One embodiment of a filament drive system constructed according to the principles of the present invention comprises a grooved, pulley-like drive wheel having chuck-like keepers for securing the rotatable leg of the filament thereto. In addition to a center hole for rotatable mounting, the septum drive wheel includes an off-center hole or recess disposed intermediate the center hole and the grooved rim. The off-center hole is configured to engage one end of a flexible drive rod.
The drive wheel is rotatably mounted on the inside surface of an aperture cover concentric with the longitudinal axis of the circular waveguide. The drive rod extends through the feedhorn along a path generally parallel to and nearly concentric with the longitudinal axis of the circular waveguide. The other end of the drive rod is coupled to the rotational output of a drive motor. Torsional rotation of the drive rod by the drive motor imparts rotation of the drive wheel in direct response thereto.
In another embodiment of the filament drive system of the present invention, the drive motor is mounted on the backside of the corrugated plate of the feedhorn. A rod, coupled to the rotational output of the motor through the corrugated plate, is rotatably coupled to the aperture cover. A second pulley wheel is mounted concentric with the axis of the rod at or near the inside surface of the aperture cover in the same plane as the septum drive wheel. The second pulley wheel is coupled to the septum drive wheel by a flexible belt having a suitable cross-sectional shape for circumferentially engaging the two wheels. As the motor turns the rod, both wheels rotate in direct relation which turns the rotatable leg of the filament.
Another embodiment of the flexible drive rod eliminates the need for a drive wheel. In this configuration, as a one-piece molded part, the drive rod includes the chuck-like keepers for securing to the rotatable leg of the filament and a pivot for rotatable mounting to support structure at the aperture concentric with the longitudinal axis of the circular wave guide.
A filament constructed according to the present invention comprises a thin sheet of stainless steel. The interconnected legs are formed by removing material by a well-known stamping process and conventional tooling methods. Notches are formed in the rotatable leg for secure engagement with the keepers on the drive wheel. The fixedly mounted leg of the filament includes an additional signal attenuator which forms part of the fixed mounting of the leg.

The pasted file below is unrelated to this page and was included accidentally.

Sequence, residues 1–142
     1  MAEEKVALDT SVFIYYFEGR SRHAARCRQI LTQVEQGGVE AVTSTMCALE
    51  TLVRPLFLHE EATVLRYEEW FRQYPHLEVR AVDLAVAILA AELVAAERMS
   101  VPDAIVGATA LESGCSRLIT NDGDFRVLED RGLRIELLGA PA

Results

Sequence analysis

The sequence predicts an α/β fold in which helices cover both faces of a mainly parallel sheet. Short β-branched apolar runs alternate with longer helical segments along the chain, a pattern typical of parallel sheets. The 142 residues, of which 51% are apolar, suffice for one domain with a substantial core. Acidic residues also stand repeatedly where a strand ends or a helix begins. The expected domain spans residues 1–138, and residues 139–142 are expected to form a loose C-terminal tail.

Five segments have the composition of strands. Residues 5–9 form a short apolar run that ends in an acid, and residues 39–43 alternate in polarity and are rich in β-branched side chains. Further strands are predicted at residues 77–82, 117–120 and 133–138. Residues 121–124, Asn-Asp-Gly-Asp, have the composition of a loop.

FIG. 1 is an exploded, perspective view of the septum drive system for a twistable septum in a feedhorn according to the principles of the present invention.
FIG. 2 is a cutaway side view of the septum drive system of FIG. 1.
FIG. 3 is a front view at section A-A of the septum drive system of FIG. 2.
FIG. 4 is a side view of the septum drive wheel employed in the septum drive system of FIG. 3.
FIG. 5 is a front view of the septum drive wheel of FIG. 4.
FIG. 6 is a cutaway side view of another embodiment of the septum drive system of FIG. 1.
FIG. 7 is a front view of the twistable septum system of FIG. 6.
FIG. 8 is a side view of a septum constructed according to the principles of the present invention.
FIG. 9 is a perspective view of another embodiment of the flexible drive rod of the septum drive system of FIG. 1.
Refering first to FIGS. 1, 2, and 3, feedhorn 10, comprising circular waveguide 11 and corrugated plate 12, includes drive motor 13 mounted at or near the rear wall on the inside of circular waveguide 11. The rotational output of drive motor 13 is oriented parallel to and on the circular waveguide and behind the microwave signal output of the feedhorn.